Clinical and Community Advisory Councils in Primary Health Networks: From consultation to collaboration for action
S Iyengar, A Glenwright, H Brennan, A Ulikpan, S Parekh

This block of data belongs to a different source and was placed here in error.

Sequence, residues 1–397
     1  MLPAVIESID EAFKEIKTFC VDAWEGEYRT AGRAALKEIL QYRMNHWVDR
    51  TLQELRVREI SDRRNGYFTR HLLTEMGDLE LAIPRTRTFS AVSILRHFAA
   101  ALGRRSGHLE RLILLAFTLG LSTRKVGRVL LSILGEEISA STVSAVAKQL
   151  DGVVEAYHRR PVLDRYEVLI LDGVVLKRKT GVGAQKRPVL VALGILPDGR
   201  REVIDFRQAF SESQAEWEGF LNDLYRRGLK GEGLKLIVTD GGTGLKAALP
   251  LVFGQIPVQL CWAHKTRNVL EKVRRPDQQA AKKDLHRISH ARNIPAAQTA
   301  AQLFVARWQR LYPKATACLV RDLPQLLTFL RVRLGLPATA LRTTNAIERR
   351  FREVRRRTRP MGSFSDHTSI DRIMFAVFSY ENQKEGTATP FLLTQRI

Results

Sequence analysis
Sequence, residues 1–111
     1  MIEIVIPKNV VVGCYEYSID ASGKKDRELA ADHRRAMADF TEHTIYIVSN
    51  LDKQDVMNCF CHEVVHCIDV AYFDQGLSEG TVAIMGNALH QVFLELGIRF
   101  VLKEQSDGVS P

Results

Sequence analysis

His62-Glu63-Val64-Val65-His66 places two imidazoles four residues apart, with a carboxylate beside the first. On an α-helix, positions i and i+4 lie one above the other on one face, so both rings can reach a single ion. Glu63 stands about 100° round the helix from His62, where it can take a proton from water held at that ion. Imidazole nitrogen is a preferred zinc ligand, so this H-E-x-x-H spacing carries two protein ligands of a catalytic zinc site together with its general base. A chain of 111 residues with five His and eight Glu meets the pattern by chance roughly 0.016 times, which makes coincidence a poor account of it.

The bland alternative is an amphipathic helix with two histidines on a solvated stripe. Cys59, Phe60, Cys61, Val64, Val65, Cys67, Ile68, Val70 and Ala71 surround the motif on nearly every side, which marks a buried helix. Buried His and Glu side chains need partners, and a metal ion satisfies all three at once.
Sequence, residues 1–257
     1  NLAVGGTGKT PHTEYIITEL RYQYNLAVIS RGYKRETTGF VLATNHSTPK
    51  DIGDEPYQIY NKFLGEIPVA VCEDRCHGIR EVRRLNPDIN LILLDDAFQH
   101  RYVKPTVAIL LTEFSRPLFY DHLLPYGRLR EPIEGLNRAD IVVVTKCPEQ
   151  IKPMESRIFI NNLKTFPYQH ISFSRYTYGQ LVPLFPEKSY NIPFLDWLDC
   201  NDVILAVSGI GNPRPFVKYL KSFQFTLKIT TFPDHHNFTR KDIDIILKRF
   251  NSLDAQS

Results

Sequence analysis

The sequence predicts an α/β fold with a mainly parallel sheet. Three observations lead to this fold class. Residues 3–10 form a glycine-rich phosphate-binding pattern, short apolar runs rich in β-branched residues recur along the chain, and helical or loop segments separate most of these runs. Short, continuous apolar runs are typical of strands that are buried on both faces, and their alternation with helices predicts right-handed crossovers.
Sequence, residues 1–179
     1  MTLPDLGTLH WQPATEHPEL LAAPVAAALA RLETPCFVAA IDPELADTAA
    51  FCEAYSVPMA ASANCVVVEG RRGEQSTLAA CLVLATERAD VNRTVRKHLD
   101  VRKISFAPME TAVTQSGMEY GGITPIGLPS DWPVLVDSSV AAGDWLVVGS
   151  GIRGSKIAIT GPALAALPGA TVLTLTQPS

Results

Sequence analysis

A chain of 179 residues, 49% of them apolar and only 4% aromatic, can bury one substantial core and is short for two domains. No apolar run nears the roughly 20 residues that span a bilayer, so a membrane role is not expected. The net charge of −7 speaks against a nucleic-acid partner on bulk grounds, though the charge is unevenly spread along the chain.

Abstract: Despite several attempts, the health needs of many Australian communities are still not adequately met. Thirty‐one Public Health Networks (PHNs) have replaced 61 Medicare Locals across the country to address the need for integrated care. The decision will mean that some PHNs, particularly those rural and remote, will cover geographically large areas – diverse in culture and socio‐economic inequality. An optimum commissioning environment depends on clear data about population needs, for which the PHNs will need to build strong relationships with local stakeholders.1 To address this, the establishment of PHNs mandated formal engagement structures of Clinical and Community Advisory Councils. PHNs aim to work with these Councils to ensure that decisions, investments and innovations are patient‐centred and cost‐effective. This article comments on the early experiences of Councils’ involvement with the Central Queensland, Wide Bay, Sunshine Coast PHN as they became operational 15 months ago.